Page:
This is what Jay Cross, president of Related Hudson Yards, had to say when talking about the genesis of the nation’s largest private real estate development project. Once blemished with vacant lots and abandoned industrial buildings, Manhattan’s West Side is undergoing an expansive (and necessary) $25 billion transformation.
This new development is Hudson Yards: A 21st century ‘city within a city,’ the East Coast’s first smart neighborhood, and what will be the magnum opus of Stephen Ross, Related Company’s billionaire developer. Other developers saw Manhattan’s barren West Side as a symbol of the city’s failed attempt to host the 2012 Summer Olympics, but Ross and Cross saw a cultural and economic opportunity. Their project will cement New York as a leading competitor against other cities around the globe—a “vibrant center of commerce and living.”
If the sustainability of a city hinders on its ability to reinvent itself, this mammoth development is New York’s revival. Like a phoenix rising from the ashes, Hudson Yards emerges from the West Side, rooting itself among New York City’s skyline.
This 28-acre site will consist of one million square feet of combined retail and mixed-use space and 18 million square feet of combined residential and commercial; its 100 shops, 4,000 luxury residences, and three parks elevate New York into the future, revolutionizing the way New Yorkers work, live, eat, and shop.
Home to companies like Neiman Marcus, and L’Oréal—and with Wall Street following suit—Hudson Yards is a cultural, commercial, and residential haven. While this real estate project is the biggest the nation has ever seen, it’s also one of the smartest—and Related Companies is anticipating its technological impact will be as significant as its physical one.
Working with New York University’s Center for Urban Science and Progress (CUSP), the intentions for this “wired community” are threefold: Improve the quality of life for residents and visitors, reduce costs, and conserve energy. CUSP, who is outfitting Hudson Yards with sensors, is interested in analyzing how a city is affected by urban development — air pollution, waste, noise levels, etc. The end goal? To promote New York as a more resilient and energy efficient city.
Future-proofing for a more resilient city
Six years since Hurricane Sandy devastated New York, the catastrophe still weighs heavily on its citizens. Surging floodwaters caused emergency evacuations, loss of power, and closed down major transportation channels. This destruction, which the city’s still recovering from, was an influential factor when designing the Yard’s power management system. This microgrid is the cornerstone of Hudson Yards; its interwoven technological capabilities work concurrently to defend New York from a repeat disaster. The idea hinges on the importance of self-sustainability; an energy management system that is powered by—but not dependent on—Con Edison, with the main energy source located on-site. In the event of another natural disaster, Hudson Yards will be able to keep its lights on.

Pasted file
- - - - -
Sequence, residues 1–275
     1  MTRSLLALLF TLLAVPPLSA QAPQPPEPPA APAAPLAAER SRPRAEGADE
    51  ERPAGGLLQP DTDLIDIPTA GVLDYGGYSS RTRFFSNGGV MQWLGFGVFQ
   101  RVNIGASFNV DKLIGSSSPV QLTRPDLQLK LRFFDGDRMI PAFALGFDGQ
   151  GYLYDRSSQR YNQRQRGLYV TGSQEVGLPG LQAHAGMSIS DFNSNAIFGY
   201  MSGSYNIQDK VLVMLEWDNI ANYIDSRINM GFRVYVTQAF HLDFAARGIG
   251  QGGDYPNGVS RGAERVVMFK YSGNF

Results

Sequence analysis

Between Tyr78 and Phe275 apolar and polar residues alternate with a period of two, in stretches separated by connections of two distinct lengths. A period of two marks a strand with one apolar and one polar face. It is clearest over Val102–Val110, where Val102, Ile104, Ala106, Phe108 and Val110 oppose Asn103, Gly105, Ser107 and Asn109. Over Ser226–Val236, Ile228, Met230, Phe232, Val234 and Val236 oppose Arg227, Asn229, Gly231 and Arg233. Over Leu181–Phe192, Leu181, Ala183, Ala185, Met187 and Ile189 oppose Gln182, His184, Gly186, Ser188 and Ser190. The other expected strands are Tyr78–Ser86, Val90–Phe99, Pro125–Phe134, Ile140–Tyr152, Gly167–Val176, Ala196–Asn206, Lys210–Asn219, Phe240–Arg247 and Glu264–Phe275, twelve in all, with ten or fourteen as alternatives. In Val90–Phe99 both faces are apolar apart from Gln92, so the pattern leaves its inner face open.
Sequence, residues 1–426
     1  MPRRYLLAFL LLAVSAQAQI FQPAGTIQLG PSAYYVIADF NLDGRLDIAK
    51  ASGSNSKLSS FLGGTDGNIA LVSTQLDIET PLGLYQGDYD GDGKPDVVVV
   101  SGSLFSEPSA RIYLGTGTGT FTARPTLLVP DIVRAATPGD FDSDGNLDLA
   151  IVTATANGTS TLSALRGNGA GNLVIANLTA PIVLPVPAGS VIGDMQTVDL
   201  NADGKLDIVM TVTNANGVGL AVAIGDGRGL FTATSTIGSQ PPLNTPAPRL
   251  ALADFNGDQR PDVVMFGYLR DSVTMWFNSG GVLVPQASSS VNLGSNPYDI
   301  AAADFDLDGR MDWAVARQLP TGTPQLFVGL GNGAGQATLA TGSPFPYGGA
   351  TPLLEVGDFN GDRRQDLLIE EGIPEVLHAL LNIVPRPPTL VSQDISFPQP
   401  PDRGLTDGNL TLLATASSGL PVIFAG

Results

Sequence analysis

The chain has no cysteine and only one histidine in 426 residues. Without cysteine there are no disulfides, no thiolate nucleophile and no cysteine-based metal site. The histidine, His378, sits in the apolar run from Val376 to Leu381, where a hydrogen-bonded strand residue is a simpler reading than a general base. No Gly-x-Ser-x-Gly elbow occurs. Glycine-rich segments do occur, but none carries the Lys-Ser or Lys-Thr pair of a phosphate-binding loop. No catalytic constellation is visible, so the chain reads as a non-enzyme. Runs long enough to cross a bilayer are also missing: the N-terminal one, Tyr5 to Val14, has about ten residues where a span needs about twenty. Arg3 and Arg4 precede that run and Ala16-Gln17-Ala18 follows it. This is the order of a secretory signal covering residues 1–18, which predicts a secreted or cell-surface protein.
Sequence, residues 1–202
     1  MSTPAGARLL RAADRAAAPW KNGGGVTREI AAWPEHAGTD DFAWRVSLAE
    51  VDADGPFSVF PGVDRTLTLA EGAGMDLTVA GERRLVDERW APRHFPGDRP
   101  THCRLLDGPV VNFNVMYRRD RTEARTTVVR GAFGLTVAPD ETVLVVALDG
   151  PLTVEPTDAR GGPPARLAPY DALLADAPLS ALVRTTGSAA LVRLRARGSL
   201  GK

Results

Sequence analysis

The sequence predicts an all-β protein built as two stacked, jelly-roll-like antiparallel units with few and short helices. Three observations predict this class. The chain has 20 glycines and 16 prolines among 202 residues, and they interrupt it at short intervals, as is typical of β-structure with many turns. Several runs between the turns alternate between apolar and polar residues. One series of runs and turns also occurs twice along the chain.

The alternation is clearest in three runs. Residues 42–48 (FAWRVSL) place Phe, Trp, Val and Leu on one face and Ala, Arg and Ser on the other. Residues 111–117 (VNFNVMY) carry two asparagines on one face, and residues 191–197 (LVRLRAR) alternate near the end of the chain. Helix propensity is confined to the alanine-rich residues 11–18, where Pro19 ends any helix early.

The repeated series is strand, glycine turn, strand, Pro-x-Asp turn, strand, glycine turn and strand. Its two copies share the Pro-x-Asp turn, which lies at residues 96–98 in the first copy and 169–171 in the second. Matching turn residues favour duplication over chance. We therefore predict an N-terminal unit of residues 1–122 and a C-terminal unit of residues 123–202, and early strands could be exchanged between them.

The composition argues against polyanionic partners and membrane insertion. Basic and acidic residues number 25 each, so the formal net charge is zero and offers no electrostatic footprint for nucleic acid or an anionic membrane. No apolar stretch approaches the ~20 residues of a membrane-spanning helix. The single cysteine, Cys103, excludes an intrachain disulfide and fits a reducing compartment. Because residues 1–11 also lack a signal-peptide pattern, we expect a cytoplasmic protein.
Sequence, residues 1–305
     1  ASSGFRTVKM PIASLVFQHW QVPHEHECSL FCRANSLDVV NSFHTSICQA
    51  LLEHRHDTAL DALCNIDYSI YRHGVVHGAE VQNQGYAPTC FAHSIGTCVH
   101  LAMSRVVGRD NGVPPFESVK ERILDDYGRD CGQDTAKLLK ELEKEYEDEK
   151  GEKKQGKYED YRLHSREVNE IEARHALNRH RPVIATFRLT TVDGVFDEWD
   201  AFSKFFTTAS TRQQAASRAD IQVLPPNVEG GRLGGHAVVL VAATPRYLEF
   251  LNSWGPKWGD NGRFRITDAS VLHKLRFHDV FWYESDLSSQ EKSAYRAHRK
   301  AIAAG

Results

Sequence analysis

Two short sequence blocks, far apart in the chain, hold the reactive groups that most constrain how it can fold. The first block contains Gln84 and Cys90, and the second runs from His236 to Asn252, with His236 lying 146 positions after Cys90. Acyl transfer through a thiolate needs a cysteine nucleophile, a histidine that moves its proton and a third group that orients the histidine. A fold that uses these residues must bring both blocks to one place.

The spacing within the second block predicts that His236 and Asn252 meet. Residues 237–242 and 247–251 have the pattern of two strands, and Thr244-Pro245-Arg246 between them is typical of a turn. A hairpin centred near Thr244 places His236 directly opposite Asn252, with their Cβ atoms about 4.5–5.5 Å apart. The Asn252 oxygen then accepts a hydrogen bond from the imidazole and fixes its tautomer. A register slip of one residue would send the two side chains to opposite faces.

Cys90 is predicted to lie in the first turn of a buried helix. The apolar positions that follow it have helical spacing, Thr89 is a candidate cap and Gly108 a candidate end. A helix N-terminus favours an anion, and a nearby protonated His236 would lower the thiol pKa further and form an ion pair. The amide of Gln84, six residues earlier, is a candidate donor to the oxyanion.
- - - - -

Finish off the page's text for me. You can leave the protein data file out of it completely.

Energy efficiency is cost efficiency
The construction costs and grandeur of Hudson Yards aren’t its only distinctive features. From conception to completion, every square foot of this ‘city within a city’ is being built from scratch. Developers have been able to integrate complex sustainability strategies into the construction of Hudson Yards, from its architecture all the way to how the buildings communicate.
Hudson Yards is not a homogeneous campus. Its buildings are embedded with technology and its microgrid makes interaction possible. Related Companies can control Yard’s intricate moving parts, from its waste-management system to the air conditioning of each building. The data these engineering networks collect is used to monitor the city’s energy usage, resulting in higher cost savings for the city.
Its buildings are also designed to support energy efficiency, using less water and resources than more outdated structures. Related Companies has made it their goal to have every building Leadership in Energy and Environmental Design (LEED) certified, which enforces rigorous standards to achieve a lower carbon footprint.
A better place to be
This “quantified community” is exploiting big data to provide a higher quality of life for the residents and visitors at Yards. Its sensors not only analyze energy use, they can also track pedestrian flow. Upon its completion in 2025, more than 125,000 people a day are projected to be on Yard’s campus at any given time. Interpreting foot and vehicle traffic patterns allows developers to predict and establish a better experience for crowds, like where the most convenient taxi and car drop-off locations should be.
Hudson Yards isn’t just a sizable achievement, a sensory, culinary, hospitality, and luxury experience, or even an extravagant tech hub for the 21st century—it’s all of these parts in unison. Hudson Yards is the future of New York, and what its visionaries hope for is that the project revolutionizes the future of city life as we know it.
Erez Cohen is co-founder and co-CEO of Urbium Property Group, Mexico City, Mexico